History & Heritage

The first inhabitants of Treutlen County were the Creek Indians, who left the land in the 1770s and 80s.  Revolutionary War veterans came to the region following the war’s end and quickly began acquiring land through a lottery system and set up farms with livestock.  Eventually the residents turned to the lush pine forests for its raw materials of yellow pine and turpentine.  Agriculture immediately became in industry of choice.

Treutlen County was named for Georgia’s 1st State Governor following adoption of the state Constitution of 1777, Governor John A. Treutlen.  Another governor with ties to the community lies in Troup’s Tomb at Rosemont Plantation near the Lothair community.  Governor M. George Troup, the state’s 1st governor elected via the popular vote (during his second term) returned home to neighboring Laurens County after leaving the state house.  While visiting Rosemont Plantation, Governor Troup fell ill and died.  Troup’s Tomb remains a stop on many historians route, and it remains a popular stop for the regional history buffs.

Home of the Million Pines – Local farmer, James Fowler, was one of the first to plant pine trees as a crop and thus came his aptly named Million Pines Plantation.  Working with a Savannah scientist, Fowler’s pine trees were used to create the first printed newsprint from yellow pine.  The local weekly, The Soperton News, was first printed in 1933.  A copy of the first edition can be found today in the Smithsonian Institute in Washington, DC.  And hence the founding of the annual Million Pines Festival, held annually the first weekend in November since 1972.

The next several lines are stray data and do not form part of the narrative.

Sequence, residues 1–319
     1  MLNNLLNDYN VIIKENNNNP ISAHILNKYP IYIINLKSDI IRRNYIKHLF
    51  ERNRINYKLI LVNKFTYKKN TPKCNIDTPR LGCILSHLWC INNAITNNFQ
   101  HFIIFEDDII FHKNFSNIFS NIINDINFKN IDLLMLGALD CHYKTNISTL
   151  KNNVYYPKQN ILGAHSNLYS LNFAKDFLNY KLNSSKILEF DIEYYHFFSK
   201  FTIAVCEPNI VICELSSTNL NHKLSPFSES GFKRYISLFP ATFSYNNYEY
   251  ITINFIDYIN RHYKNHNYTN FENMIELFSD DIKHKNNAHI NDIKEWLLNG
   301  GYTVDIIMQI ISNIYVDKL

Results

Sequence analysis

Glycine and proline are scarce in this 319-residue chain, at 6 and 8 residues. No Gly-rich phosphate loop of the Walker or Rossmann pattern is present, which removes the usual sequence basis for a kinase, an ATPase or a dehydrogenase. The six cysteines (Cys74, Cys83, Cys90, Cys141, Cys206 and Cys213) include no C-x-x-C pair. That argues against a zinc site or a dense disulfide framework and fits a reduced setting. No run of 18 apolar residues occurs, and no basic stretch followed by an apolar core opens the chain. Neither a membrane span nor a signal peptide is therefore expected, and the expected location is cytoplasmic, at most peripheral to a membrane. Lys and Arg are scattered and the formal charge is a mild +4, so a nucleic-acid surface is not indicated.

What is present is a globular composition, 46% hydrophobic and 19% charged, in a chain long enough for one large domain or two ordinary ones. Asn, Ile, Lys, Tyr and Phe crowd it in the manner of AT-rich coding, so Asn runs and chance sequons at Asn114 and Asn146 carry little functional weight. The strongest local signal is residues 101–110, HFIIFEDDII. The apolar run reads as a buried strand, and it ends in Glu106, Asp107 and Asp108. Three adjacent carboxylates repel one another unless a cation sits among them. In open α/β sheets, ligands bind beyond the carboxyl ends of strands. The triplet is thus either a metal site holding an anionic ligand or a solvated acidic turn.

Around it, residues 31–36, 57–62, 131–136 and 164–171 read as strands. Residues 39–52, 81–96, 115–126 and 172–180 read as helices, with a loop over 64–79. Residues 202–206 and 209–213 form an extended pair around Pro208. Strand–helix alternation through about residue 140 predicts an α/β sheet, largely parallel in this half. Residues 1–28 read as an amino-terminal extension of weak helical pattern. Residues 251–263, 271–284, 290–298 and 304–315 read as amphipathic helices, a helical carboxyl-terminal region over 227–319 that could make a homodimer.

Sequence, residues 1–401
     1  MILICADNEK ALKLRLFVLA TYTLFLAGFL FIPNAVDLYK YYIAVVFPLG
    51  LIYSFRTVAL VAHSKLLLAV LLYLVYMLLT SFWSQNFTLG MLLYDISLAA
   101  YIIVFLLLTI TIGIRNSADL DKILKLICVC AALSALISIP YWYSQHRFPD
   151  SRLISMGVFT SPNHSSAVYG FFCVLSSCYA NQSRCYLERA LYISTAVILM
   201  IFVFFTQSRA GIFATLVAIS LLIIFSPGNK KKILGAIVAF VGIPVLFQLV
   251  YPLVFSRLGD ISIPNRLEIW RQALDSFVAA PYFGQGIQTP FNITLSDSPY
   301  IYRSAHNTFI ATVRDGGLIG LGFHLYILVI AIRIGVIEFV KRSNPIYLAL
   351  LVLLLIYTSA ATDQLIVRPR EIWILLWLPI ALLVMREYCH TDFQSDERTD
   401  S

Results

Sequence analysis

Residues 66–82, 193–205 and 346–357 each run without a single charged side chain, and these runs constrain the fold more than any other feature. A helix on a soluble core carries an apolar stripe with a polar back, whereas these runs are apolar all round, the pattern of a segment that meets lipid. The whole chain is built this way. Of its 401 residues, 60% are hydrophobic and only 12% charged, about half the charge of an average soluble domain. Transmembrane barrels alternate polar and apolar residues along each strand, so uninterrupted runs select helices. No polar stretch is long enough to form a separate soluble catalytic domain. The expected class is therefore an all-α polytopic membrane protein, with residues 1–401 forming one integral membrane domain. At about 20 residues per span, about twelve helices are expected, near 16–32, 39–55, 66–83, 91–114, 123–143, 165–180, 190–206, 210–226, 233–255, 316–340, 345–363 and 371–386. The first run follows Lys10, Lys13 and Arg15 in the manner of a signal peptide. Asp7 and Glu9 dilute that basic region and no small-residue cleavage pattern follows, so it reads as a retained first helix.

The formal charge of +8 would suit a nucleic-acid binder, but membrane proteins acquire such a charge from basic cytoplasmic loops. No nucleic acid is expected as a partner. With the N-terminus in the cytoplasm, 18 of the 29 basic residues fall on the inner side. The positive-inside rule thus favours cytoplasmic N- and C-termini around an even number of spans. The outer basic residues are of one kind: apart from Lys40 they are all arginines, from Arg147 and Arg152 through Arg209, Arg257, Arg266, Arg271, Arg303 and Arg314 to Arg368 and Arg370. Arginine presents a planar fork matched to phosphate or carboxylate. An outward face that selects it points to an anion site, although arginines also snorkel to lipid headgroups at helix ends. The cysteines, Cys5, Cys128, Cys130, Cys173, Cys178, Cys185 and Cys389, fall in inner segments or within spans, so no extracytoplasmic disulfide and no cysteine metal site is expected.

The county seat, Soperton, is named for businessman Benjamin Franklin Soper (1856-1907).  Soper founded the Southern Railway Mine and Milling Company and was instrumental in construction of the railroad.  The Treutlen County Courthouse (1919), located in Soperton, was placed on the National Register of Historic Places in September of 1980.  Its neoclassical architecture continues to bring visitors as it is remains the center of county business today.